Deepak Chopra MD, FACP, founder of The Chopra Foundation and co-founder of The Chopra Center for Wellbeing, is a world-renowned pioneer in integrative medicine and personal transformation, and is Board Certified in Internal Medicine, Endocrinology and Metabolism.  He is a Fellow of the American College of Physicians, Clinical Professor UCSD Medical School, researcher, Neurology and Psychiatry at Massachusetts General Hospital (MGH), and a member of the American Association of Clinical Endocrinologists. The World Post and The Huffington Post global internet survey ranked Chopra #17 influential thinker in the world and #1 in Medicine. Chopra is the author of more than 85 books translated into over 43 languages, including numerous New York Times bestsellers. His latest books are You Are the Universe co-authored with Menas Kafatos, PhD, and Quantum Healing (Revised and Updated): Exploring the Frontiers of Mind/Body Medicine.   discoveringyourcosmicself.com

 

 

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#Whats Your Wellfie? Transforming Personal & Societal Wellbeing, One Moment at a Time!

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Be a part of WhatsYourWellfie – a 21 day  initiative focused on sharing your moments which will inspire the community and transform wellbeing.  Visit Jiyo.com to learn more.

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It’s High Time to Make the FDA Safe and Effective

By Deepak Chopra MD, Nancy S. Cetel, MD, Joseph B. Weiss, MD, Paul J. Mills, PhD, Danielle Weiss, MD, David Brenner, MD

Few government agencies impact our daily lives as critically as the Food and Drug Administration. Seventy percent of the US population takes at least one prescription drug each month. The marketplace for Big Pharma is staggering: In 2014 US prescription drug sales exceeded $374 billion dollars. Most people are aware of the FDA’s extremely slow and careful procedure for approving new drugs. But there are glaring loopholes in the law that place a disturbing number of people at risk, which too few people have been alerted to.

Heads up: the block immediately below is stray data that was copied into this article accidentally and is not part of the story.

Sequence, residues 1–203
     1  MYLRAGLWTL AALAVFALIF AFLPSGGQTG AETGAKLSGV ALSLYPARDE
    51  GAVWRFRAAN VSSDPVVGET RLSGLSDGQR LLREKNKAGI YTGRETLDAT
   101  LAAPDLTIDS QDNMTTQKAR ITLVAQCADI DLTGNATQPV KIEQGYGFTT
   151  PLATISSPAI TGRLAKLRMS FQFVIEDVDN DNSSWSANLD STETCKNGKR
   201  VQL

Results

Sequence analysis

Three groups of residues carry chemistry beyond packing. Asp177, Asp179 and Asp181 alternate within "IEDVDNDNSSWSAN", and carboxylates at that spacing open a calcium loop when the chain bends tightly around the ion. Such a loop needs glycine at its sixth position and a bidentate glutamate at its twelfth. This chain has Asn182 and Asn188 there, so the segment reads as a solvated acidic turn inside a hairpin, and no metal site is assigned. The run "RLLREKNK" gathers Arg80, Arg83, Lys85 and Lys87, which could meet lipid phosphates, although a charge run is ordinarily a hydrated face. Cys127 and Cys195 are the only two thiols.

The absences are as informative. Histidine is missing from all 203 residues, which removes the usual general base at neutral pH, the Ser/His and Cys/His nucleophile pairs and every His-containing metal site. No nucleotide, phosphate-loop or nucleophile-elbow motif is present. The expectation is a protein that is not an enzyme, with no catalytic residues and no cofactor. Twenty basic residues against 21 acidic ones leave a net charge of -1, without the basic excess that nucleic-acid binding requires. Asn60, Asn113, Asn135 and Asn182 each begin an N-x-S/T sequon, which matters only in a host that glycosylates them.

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Few government agencies impact our daily lives as critically as the Food and Drug Administration. Seventy percent of the US population takes at least one prescription drug each month. The marketplace for Big Pharma is staggering: In 2014 US prescription drug sales exceeded $374 billion dollars. Most people are aware of the FDA’s extremely slow and careful procedure for approving new drugs. But there are glaring loopholes in the law that place a disturbing number of people at risk, which too few people have been alerted to.

 

The size of the loophole, which permits tens of thousands of unapproved drugs to be sold and routinely used by millions of Americans, is immense. The most comprehensive list of unapproved drugs is not maintained by the FDA but rather by the National Library of Medicine, which identities 88,212 drugs that have been reported to the FDA. Of these, a minute fraction underwent testing and approval.  In the 110-year history of the FDA, the agency has studied and approved a grand total of 1,453 drugs. A number of these had their approval withdrawn when safety risks were subsequently identified, leaving only 1,246 drugs remaining. Why are over 86,000 untested and unapproved drugs still on the market? The history of the FDA is complex, but here are the highlights of a predicament whose lapses go back to the very beginning.

  • The FDA was created in 1906 but surprisingly was not required to assess drug safety and efficacy until 1938.
  • In deference to the financial benefit of the pharmaceutical industry over public health and safety, the FDA grandfathered all existing drugs from requiring FDA overview.